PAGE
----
Foreword Reviews

Life's Engines

How Microbes Made Earth Habitable

Personal stories, hard facts, and illuminative illustrations each contribute to this engaging examination of our microbial overlords.

Our oldest ancestors are not hominids, fish with legs, or even cockroaches. No, all terrestrial life forms owe their existence to microbes. Reading Life’s Engines: How Microbes Made Earth Habitable may not cause one to add a portrait of a favorite prokaryote to the family photo album, but it is fascinating to learn how microbes evolved the complex, elegant machinery inside all our cells and made life possible on Earth.

Paul Falkowski’s decades of study in various earth and life sciences fuel this excellent addition to the Science Essentials series. His overview of microbiology and molecular biology is engaging, with a blend of hard facts and personal stories of how he became interested in science, his research projects, and his travels. Falkowski effectively uses analogies to convey abstract and complicated ideas, as when he explains how photosynthetic reaction centers work, concentrating protons on one side of a cell membrane, like the filling inside pita bread.

Many electron photographs, diagrams of the smallest microbial innards, and other illustrations illuminate dense concepts for a popular-science audience. So much has been learned since the late 20th century, when researchers began to study multispecies communities rather than cultures of microbes in isolation, making this an up-to-date overview of the subject.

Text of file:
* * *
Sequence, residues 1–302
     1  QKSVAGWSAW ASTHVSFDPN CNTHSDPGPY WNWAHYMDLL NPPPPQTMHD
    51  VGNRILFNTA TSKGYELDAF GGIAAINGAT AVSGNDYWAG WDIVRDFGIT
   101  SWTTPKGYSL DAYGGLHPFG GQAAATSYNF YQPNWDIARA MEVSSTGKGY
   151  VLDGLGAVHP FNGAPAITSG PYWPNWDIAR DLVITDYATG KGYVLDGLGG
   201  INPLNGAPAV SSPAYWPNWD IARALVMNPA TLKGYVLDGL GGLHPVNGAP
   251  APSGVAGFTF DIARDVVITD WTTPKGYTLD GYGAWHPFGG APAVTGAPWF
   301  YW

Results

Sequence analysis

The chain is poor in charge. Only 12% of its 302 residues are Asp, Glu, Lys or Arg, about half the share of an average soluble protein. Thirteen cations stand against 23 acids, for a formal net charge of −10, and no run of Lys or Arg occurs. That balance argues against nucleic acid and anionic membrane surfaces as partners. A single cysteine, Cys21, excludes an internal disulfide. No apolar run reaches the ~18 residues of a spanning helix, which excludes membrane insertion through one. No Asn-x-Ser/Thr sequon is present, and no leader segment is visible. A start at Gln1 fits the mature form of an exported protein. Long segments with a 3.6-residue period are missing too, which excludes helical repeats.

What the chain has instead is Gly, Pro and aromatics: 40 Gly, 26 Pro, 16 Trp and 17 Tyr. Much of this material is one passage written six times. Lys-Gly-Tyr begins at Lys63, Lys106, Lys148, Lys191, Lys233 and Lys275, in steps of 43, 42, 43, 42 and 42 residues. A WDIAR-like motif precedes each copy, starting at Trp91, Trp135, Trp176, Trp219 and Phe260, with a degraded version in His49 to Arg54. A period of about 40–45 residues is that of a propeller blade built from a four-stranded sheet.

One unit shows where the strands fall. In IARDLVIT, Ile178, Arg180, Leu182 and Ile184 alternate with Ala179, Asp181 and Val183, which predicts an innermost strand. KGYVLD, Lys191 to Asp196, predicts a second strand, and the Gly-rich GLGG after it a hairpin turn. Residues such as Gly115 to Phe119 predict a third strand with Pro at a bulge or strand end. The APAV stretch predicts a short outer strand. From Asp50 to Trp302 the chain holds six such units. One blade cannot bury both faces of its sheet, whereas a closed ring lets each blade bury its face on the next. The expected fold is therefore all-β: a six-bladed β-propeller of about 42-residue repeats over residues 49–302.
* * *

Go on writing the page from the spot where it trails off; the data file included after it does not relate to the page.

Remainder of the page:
The focus is on the molecular construction and chemical function of ribosomes, mitochondria, and even smaller components like coupling factors. The book also describes the role of microbes in the equilibrium of macro processes, like the continuous recycling of major elements in the earth’s crust and atmosphere. The book touches on issues of climate change, bioengineering, antibiotic resistance, resource depletion, population growth, and how microbes are affected by each and may be instrumental in undoing some of the destructive things humans have wrought. Indeed, in the event of a catastrophic event, microbes carry the core genes for the essential nanomachinery to make the earth habitable once more.

Reviewed by Rachel Jagareski

Disclosure: This article is not an endorsement, but a review. The author of this book provided free copies of the book to have their book reviewed by a professional reviewer. No fee was paid by the author for this review. Foreword Reviews only recommends books that we love. Foreword Magazine, Inc. is disclosing this in accordance with the Federal Trade Commission’s 16 CFR, Part 255.

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